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    Gonzaga Debate Institute 2008 2Lacy/Symonds/Bowen Coercion K

    Libertarianism Causes Genocide..................................................................................................................................58Libertarianism Decreases Freedom...............................................................................................................................59Libertarianism Ignores Consequences..........................................................................................................................60Libertarianism Wrong Positive Rights.......................................................................................................................61A2: Libertarianism Creates Social Equality..................................................................................................................62Libertarianism Results in No Government...................................................................................................................63Top-Down Libertarian Revolution Fails.......................................................................................................................64A2: Freedom Based Rights- Free Will is Never Lost...................................................................................................65A2: Freedom Outweighs All.........................................................................................................................................66A2: Negative Freedom Based Rights- Circular Logic Fails.........................................................................................67A2: Negative Freedom based rights- Rothbard Flawed................................................................................................68A2: Negative Freedom based rights- Hegel Flawed.....................................................................................................69A2: Negative Freedom based rights- Fichte Flawed.....................................................................................................70Negative Freedom Bad Reduces Freedom/Equality..................................................................................................71 Negative Rights Flawed................................................................................................................................................72 Negative Rights Flawed................................................................................................................................................73A2: Moral Imperative Comes First...............................................................................................................................74A2: Must Reject Coercion in Every Instance................................................................................................................75A2: Weigh Coercion First- Consequentialist Framework Key.....................................................................................76A2: We Are Libertarian Consequentialists ...............................................................................................................77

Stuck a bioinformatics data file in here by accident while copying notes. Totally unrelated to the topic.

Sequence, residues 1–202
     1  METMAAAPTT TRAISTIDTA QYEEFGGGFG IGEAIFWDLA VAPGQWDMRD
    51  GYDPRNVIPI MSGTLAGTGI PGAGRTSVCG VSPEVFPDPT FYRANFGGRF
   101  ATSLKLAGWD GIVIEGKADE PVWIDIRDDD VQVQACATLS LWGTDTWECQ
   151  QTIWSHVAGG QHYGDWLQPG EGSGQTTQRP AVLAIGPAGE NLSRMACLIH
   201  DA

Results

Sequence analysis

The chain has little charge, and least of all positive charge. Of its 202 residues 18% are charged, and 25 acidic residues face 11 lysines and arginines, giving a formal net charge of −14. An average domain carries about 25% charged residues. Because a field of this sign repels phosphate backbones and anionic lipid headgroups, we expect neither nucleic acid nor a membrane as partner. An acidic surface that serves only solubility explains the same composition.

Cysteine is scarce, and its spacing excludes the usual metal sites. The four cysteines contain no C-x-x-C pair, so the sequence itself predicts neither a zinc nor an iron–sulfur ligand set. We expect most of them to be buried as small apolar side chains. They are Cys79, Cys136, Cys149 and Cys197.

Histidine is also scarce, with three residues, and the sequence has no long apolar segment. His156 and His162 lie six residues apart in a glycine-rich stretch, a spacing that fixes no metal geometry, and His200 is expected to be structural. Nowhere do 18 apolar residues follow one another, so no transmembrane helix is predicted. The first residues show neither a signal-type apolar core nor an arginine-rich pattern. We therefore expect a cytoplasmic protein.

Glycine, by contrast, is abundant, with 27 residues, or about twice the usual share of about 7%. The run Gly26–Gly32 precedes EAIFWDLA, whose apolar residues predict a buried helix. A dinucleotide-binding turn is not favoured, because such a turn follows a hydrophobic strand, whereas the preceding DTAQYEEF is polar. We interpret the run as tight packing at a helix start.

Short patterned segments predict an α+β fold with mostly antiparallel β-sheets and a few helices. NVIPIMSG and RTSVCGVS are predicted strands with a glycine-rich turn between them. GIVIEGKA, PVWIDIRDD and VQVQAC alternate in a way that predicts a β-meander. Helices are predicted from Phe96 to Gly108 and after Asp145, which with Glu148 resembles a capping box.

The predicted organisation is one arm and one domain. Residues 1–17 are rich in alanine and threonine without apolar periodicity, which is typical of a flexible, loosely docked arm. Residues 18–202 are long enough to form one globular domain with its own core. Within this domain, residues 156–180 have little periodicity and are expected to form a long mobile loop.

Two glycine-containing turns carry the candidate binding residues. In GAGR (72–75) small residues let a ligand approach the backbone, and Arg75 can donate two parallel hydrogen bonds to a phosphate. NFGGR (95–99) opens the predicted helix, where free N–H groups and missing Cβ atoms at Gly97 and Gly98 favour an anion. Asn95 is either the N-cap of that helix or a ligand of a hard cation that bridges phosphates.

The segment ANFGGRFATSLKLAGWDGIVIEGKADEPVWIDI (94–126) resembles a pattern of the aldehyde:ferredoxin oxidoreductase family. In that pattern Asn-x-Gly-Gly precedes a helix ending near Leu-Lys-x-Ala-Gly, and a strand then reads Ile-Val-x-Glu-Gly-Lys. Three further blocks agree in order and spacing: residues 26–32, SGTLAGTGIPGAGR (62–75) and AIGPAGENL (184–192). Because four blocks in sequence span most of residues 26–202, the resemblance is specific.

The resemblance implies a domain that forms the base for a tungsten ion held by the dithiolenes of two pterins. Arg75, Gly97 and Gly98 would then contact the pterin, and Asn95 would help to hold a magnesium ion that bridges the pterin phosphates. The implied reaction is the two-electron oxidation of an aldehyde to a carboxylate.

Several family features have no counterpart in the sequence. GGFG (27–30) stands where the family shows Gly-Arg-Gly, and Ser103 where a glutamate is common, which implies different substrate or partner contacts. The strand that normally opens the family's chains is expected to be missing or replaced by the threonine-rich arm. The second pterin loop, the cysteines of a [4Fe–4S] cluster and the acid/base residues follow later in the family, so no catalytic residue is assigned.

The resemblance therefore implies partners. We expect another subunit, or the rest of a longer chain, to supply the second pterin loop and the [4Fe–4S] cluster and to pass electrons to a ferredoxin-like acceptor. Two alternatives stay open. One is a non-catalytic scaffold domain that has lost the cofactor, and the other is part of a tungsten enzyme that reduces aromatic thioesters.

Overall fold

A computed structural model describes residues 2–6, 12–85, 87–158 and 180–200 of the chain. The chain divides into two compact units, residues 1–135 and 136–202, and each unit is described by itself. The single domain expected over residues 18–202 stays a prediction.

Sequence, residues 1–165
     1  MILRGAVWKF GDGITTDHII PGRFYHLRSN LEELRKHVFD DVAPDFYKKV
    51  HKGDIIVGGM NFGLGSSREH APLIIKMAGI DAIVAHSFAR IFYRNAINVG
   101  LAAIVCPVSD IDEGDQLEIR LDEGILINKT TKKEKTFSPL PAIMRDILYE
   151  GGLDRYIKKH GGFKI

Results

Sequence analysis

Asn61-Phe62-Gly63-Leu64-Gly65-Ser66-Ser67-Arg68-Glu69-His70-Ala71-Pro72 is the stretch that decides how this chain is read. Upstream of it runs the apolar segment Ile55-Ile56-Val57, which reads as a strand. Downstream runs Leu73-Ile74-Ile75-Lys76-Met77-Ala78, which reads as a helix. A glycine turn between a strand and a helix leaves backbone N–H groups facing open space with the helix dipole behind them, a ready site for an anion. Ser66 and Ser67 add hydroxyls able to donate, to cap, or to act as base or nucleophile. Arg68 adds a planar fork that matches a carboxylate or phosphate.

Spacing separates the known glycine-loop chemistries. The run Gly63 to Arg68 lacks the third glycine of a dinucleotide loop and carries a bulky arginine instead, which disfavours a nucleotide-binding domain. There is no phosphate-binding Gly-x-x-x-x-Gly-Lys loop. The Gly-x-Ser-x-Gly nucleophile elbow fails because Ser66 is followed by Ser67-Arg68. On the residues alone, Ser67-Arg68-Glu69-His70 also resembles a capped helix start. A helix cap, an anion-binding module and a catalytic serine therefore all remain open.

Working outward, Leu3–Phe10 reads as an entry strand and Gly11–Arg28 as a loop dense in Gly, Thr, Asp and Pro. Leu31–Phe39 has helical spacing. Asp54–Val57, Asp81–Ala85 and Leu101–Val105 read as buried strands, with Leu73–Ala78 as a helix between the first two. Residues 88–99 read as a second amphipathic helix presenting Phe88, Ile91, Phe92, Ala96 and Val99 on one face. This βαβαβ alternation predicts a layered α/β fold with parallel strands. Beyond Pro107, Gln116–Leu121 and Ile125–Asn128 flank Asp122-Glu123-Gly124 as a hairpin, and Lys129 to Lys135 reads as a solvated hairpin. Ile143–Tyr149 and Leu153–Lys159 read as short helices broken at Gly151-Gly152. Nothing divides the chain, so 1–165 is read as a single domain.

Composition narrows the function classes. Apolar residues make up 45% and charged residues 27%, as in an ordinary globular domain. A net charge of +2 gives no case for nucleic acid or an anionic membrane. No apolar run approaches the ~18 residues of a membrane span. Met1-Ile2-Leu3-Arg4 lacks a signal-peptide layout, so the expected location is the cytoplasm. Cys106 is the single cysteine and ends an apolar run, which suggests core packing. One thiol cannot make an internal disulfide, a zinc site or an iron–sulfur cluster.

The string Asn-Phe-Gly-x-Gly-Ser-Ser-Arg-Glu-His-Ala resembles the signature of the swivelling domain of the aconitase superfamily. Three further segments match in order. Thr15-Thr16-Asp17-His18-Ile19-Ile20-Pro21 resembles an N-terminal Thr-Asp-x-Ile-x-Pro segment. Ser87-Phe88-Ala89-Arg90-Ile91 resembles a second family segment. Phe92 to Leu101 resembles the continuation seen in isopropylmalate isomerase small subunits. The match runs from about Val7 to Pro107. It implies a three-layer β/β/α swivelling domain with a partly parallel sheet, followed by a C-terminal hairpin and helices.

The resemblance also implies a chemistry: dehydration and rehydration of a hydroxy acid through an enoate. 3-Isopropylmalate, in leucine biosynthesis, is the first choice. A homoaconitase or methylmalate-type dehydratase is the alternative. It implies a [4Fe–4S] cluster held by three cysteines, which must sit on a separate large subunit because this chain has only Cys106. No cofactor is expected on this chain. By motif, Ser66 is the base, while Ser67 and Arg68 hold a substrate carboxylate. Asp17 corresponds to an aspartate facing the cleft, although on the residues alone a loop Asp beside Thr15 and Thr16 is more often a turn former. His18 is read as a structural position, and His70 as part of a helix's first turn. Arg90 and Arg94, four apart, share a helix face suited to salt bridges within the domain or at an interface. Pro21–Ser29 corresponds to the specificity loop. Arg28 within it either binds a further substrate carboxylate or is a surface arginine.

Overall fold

A2: Libertarianism is Consistent With Consequentialism............................................................................................78

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    Gonzaga Debate Institute 2008 3Lacy/Symonds/Bowen Coercion K

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    Environmentalism lends itself to the widespread expansion of governmental influence and

    authority at the expense of liberty

    George Reisman, Ph.D. is Professor of Economics at Pepperdine Universitys Graziadio School of Business and

    Management, 2001, Excerpt of a speech delivered at the Austrian Scholars Conference,http://www.mises.org/fullstory.aspx?control=661&id=71The same intellectual quarter that a generation or more ago urged the totalitarian control of all aspects of human life for the purposeof bringing order to what would otherwise allegedly be chaos, now urges a policy of laissez-faireout of respect for natural harmonies. Of course, it is not a policy oflaissez-faire toward human beings, who are to be as tightly controlled as ever. Nor, of course, is it a policy that recognizes any form of economic harmonies among human beings. No, it is a